A Handful of Desperate Rejectionists
The number of attacks against coalition troops, Iraqi security forces and civilians increased 29% last year, and insurgents are increasingly targeting Iraqis, the U.S. military says. Insurgents launched 34,131 attacks last year, up from 26,496 the year before, according to U.S. military figures released Sunday. Insurgents are widening their attacks to include the expanding Iraqi forces engaged in the fighting, said Brig. Gen. Donald Alston, a coalition spokesman. He added,"It tells me the coalition and the Iraqi forces have been very aggressive in taking the fight to the enemy."comments powered by Disqus
Col Steve J - 1/25/2006
I understood the sarcasm.
My point was the simply the comparison of two numbers, absent many contextual factors, do not lend themselves to claims one way or the other about the state of the insurgency.
As for energy and other "status" measure, the DOS puts out a weekly status report.
Barry DeCicco - 1/25/2006
Colonel, several of your points would say that an increase in attacks is evidence of the insurgents being successful. Combined with other reports (energy, flight of professionals, the militia-ism of the allegedly federal Iraqi army, etc), we're in deep, deep trouble. Having perused casualty and attack rate graphs a while back, there's no evidence there that this rate is an unsustainable surge effort.
Now, this is not surprising, given the way that the abdministion botched this war - a layered botching, so to speak, so that anything done correctly could be neutralized by a back-up layer of mistakes. But it is a big problem.
Chris Bray - 1/24/2006
Proof we're winning = sarcasm. I was commenting on the fact that BGN Alston was citing a significant increase in the number of attacks -- which the military chose not to weight, in releasing that information, by scale, type, effect, etc. -- as a sign that coalition forces are taking the fight to the enemy. (By that reasoning, a complete end to insurgent attcaks would prove that the insurgents are not at all desperate, suggesting an imminent insurgent victory, while a massive spike to 60,000 attacks in 2007 would prove that we were having even more success against them.)
Also, BGN Alston is the same coalition spokesman who said on 29 DEC that the insurgency is unable to sustain operations and is nearing exhaustion; regardless of scale and effect, 34,000 attacks of any kind would suggest a different narrative. Again, more on this as soon as I can post -- and right now, I'm away from home with only a few minutes of borrowed Internet time.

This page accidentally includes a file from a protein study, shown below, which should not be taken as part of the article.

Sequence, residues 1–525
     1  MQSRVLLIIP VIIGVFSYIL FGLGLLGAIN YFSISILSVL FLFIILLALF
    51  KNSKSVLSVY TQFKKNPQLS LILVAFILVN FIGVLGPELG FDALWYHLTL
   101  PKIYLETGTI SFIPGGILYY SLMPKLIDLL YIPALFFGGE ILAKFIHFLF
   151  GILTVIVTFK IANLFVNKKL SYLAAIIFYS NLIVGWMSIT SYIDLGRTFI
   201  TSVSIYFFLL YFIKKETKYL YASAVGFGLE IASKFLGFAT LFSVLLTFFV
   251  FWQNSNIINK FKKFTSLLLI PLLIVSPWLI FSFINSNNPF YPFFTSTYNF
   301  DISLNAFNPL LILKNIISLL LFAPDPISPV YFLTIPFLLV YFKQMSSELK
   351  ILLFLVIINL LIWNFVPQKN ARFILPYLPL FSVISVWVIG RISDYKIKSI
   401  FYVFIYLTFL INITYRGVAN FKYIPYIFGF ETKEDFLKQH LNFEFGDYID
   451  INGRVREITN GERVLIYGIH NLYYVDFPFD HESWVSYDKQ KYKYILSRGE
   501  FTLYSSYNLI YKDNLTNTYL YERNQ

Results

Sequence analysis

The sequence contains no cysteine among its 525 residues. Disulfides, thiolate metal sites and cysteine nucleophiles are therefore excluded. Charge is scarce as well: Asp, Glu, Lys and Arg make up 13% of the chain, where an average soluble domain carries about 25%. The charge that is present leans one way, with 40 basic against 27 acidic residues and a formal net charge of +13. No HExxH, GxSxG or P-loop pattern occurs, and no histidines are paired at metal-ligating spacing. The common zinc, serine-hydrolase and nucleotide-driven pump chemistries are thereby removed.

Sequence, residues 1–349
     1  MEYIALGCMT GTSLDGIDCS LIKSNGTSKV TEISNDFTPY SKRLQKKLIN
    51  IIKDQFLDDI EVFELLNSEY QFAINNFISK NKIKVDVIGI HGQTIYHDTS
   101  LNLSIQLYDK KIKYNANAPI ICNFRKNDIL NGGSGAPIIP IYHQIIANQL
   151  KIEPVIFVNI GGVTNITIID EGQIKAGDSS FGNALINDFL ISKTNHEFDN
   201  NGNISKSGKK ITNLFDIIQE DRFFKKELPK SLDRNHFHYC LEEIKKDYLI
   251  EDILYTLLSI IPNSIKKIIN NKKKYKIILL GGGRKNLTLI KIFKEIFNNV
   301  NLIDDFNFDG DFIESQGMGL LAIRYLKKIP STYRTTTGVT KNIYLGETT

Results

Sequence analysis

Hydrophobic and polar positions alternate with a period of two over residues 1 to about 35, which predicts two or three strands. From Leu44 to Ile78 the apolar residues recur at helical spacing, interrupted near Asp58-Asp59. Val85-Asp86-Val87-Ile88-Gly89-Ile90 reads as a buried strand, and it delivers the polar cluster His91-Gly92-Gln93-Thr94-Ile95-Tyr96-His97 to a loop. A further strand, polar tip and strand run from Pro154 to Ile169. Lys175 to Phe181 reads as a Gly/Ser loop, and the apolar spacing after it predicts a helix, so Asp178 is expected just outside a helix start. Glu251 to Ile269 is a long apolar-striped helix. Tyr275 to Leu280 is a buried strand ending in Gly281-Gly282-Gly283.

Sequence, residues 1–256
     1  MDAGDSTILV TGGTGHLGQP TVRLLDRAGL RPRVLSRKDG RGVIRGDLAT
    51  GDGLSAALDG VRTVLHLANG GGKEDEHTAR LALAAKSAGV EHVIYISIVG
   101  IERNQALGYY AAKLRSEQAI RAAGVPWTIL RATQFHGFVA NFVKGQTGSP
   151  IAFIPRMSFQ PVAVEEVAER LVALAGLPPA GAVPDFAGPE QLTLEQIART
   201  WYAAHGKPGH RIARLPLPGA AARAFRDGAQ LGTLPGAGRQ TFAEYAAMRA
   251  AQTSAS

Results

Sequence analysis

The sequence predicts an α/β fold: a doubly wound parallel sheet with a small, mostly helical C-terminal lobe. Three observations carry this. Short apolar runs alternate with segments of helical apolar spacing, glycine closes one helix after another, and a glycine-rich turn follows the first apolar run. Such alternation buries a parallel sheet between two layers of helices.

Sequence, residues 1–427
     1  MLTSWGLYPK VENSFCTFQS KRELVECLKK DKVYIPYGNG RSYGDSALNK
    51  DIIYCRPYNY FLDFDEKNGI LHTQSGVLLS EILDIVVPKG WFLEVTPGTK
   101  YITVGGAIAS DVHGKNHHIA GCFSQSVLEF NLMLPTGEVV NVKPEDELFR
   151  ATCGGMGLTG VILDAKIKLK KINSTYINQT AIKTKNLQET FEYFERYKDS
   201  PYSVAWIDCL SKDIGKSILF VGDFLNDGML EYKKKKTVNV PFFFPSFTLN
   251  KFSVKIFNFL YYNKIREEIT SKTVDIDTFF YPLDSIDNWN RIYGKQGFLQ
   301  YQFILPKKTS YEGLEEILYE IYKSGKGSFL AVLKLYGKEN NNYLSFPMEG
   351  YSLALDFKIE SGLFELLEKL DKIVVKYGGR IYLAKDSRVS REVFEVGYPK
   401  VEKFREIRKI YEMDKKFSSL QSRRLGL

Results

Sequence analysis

Col Steve J - 1/24/2006
I'm curious to read your explanation supporting your claim.
I'm not sure how in isolation the number of insurgent attacks prove which side is "winning." An increase in the number of insurgent attacks *could* indicate increased capabilities and better execution of operations by the insurgents. Conversely, in support of your claim, an increase in the number of attacks *could* indicate a fear among the insurgents about losing and a desperate campaign to reverse the tide.
Some other issues between 2004 and 2005 which might lend support one way or the other:
1)The fear of multiple successful elections in 2005 would necessitate increased insurgent responses
2)Lessons learned and operational experiences by the surviving insurgents enable them to conduct more frequent attacks (better effieciency; higher survival rates; adaptation on what works)
3)Change in ROE by coalition forces
4)Iraqi forces assuming more control offer easier targets
Finally, comparing the two number treats each attack as equal in value. Looking at the numbers without knowing the scale, type, location, time, effects, and other factors strikes me as a pointless exercise.
Adam Kotsko - 1/23/2006
If this is what desperation looks like, maybe we need to figure out a way to make the insurgents feel less desperate rather than more.
This whole thing reminds me of a Dilbert comic. Some guy is giving a presentation and says, "Sales for this product should be pretty slow and then will spike dramatically three years after it's introduced." Dilbert asks him why he thinks that. The guy says, "The spike is meant to get the project approved. The three years is to give me time to get promoted." It's eerily similar to "Things will get worse and worse, but then we'll reach a point where they can't keep it up anymore and it'll drop precipitously."
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